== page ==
This post was written as a guest blog post for Honesty Pill . Check out what they are doing over there and grab some more fantastic insight into practicing habits, mindset, and audition prep!
It’s always easy to practice a piece that is brand new to us. After all, everything needs to be figured out–the notes, rhythm, dynamics, tempo, etc. Likewise, when we have a performance looming in the (very!) near future, it’s easy to focus on and tackle anything that is still not feeling 100% comfortable.
But what about those in-between times? When your task at hand is to “make it better”. I’ve heard from a lot of new coaching clients and colleagues that they sometimes find it hard to know what to do to continue to improve. “Make it Better” is a little vague. I mean, we all know what needs to be better, right? Intonation, phrasing, sound, breath control, all of the things, but how do we go about fixing “it all”?
What I find to be missing from a lot of people’s practice sessions (and what was definitely missing from mine when I was growing up) is the habit of setting a clear intention of what, and I mean exactly what, one is about to work on.
It needs to go beyond, “I’m going to work on this 16th-note passage”, and get narrowed down to a point of “I’m going to feel the articulation of my fingers through this 16th-note passage” or “I’m going to work on speed and build up from 88-104 on the metronome today”.
Yes. That Specific. How many times have you told yourself you were going to “work on” a particular passage, only to find yourself heading towards the final few bars of the piece a few minutes later? Oops! or mindlessly repeating a measure 25x. How much better is the passage? You have no idea. Maybe it’s a little better? Maybe not?
There is a saying in the business world: “What gets measured, gets managed”, and it rings true for practicing as well. Practicing with a clear intention allows you to measure your success in that small, clear way. If your intention is to clean up intonation, and that’s what you work on for 30 minutes, you can tell at the end of your session if you’re playing more in tune.
Setting an intention keeps you focused, and it gives you clear, tangible evidence of improvement. Did you manage to get the passage up to q=104? Great! that’s a clear improvement from yesterday when you couldn’t play it at 96. If you were only able to get it to 100, then you know where to start next time. And you can still walk away knowing that you made some improvement in the speed.
There are days when I’m just not feeling it. Maybe it’s the day after a big performance and I want to give myself a little break. On those days, I’ll pull out a new-to-me piece that I have been wanting to take a look at, and my intention will be “I’m going to try to play through this piece from beginning to end and see how well I can read it”. Or I might take an old piece that is not currently on my performance repertoire list and my intention will be “I am going to play through this piece and really listen into my sound production”. While there is no immediate pressure to improve anything, I’m still staying focused and still managing to get something positive out of the practice session. Anything less is just a waste of time.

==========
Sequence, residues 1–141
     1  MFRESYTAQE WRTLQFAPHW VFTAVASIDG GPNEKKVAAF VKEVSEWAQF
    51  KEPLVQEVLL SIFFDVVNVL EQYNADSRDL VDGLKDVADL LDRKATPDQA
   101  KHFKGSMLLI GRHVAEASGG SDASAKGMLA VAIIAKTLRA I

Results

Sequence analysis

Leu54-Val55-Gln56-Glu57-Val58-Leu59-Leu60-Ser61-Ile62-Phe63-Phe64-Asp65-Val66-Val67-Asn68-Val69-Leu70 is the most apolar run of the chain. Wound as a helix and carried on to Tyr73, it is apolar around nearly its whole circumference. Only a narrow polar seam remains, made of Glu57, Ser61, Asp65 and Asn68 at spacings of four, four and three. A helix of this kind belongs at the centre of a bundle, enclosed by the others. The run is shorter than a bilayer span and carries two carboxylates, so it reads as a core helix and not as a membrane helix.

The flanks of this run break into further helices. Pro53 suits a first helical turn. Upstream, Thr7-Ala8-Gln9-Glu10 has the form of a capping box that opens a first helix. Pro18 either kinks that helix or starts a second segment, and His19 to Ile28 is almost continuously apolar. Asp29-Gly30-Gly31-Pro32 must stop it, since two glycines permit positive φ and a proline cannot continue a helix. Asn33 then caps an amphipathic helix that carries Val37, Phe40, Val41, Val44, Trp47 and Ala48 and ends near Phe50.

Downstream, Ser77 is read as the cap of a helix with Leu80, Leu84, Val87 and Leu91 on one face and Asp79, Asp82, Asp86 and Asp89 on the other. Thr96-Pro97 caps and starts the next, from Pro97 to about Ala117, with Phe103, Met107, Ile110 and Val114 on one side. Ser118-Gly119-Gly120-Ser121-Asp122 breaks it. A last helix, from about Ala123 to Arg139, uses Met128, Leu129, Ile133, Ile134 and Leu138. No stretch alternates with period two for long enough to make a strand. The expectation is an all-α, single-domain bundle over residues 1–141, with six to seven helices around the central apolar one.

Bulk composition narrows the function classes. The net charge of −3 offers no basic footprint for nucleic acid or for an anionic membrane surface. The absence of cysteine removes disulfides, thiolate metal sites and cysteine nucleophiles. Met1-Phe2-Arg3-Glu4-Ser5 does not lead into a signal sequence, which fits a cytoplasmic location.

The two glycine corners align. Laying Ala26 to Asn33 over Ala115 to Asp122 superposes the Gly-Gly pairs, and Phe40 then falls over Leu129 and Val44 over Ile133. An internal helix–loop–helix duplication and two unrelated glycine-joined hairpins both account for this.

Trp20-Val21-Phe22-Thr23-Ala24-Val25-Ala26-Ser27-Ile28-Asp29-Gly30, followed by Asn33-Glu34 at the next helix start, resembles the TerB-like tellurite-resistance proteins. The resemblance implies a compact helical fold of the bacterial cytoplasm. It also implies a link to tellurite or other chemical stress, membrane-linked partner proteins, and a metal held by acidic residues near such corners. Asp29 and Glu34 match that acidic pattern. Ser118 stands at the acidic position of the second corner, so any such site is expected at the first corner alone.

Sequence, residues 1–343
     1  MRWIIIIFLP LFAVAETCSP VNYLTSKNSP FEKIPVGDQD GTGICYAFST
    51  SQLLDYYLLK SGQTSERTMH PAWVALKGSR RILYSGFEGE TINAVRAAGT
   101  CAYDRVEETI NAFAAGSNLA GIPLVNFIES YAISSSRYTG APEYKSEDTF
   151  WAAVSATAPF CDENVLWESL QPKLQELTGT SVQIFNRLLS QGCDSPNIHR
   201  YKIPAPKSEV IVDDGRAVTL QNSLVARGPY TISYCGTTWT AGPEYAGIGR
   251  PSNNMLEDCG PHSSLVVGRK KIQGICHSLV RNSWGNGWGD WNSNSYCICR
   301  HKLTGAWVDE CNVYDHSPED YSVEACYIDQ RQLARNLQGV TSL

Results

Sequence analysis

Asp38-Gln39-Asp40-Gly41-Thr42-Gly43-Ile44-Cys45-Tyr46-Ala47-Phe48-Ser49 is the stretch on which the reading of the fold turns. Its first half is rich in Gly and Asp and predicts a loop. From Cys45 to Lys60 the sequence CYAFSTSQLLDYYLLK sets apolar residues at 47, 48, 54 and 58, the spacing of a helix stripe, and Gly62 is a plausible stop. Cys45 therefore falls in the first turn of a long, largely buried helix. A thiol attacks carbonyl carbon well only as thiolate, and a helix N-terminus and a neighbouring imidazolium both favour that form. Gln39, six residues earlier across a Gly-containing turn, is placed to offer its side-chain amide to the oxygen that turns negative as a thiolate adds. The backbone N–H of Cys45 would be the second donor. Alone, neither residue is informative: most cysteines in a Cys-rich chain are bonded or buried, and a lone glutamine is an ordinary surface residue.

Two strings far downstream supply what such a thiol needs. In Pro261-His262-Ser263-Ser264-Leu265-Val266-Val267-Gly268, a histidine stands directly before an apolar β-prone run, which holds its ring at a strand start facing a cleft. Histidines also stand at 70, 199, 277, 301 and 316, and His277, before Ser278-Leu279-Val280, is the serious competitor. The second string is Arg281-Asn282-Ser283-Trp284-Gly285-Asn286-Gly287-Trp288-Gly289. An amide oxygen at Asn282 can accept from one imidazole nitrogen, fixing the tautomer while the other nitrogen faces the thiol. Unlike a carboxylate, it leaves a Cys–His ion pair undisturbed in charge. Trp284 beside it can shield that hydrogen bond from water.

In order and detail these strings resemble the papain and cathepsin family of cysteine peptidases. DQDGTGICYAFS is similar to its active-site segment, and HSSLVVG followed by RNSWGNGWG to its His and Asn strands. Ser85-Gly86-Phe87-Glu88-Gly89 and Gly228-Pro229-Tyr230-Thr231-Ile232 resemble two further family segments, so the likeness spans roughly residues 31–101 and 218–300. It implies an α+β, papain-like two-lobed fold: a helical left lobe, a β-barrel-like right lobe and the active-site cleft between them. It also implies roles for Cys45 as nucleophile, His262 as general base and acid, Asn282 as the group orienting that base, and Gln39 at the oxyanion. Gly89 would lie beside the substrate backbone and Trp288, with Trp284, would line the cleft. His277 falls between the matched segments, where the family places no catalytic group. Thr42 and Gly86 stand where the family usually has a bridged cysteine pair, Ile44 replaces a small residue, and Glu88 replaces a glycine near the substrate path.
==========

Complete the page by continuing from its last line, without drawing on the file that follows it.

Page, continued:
Every intention I set makes my practicing feel completely different so I never get bored practicing the same pieces month after month. One day, my intention will be set around my vibrato, so I’m thinking a lot about how the phrase direction calls for different speeds and ranges of motion in my vibrato. The next day, I might set my intention around bow angles, so my focus in on my right hand now, instead of my left. It almost feels like a different piece. By switching up my intentions each day, I’m seeing it all from different perspectives, leaving no stone unturned.
Without Intention, you’re wasting a lot of time in the practice room. Time spent mindlessly playing through a whole piece (badly). Time spent repeating a passage without even stopping to figure out what needs adjustment, and time spent wondering where the last few hours went, and whether they made any difference.
I can guarantee that when you start adding in this tool, you’ll be blown away by the results. Your practicing will feel more efficient, more focused, and more productive. You’ll start out knowing exactly what you want to get done, and you’ll pack up feeling more accomplished and further ahead than before.
We all know that practicing is a neverending pursuit. There is no such thing as “perfect” nor is there such a thing as “done”. It is both the source of a musician’s pain and the whole reason we fell in love with music in the first place. The quest for beauty, expression and the physical rush of that perfectly executed passage keeps us going day after day. Use intentions to keep your work focused and measurable and you’ll soon find that your results are more successful.
Action Item: At the start of your next practice session, choose a passage that has been giving you some trouble, and make a quick video of you playing it. Decide what progress you would like to make on it that day and then set a clear, doable intention. At the end of your session, make another video of the same passage, and take note of your progress. You can also take note of something else in the passage you would like to work on and make that your next intention.